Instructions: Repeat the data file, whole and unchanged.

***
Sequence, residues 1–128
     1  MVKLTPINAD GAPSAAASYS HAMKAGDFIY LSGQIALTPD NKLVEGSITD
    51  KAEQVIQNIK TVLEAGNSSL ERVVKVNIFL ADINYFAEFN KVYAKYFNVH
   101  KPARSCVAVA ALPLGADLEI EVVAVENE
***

Sequence, residues 1–128
     1  MVKLTPINAD GAPSAAASYS HAMKAGDFIY LSGQIALTPD NKLVEGSITD
    51  KAEQVIQNIK TVLEAGNSSL ERVVKVNIFL ADINYFAEFN KVYAKYFNVH
   101  KPARSCVAVA ALPLGADLEI EVVAVENE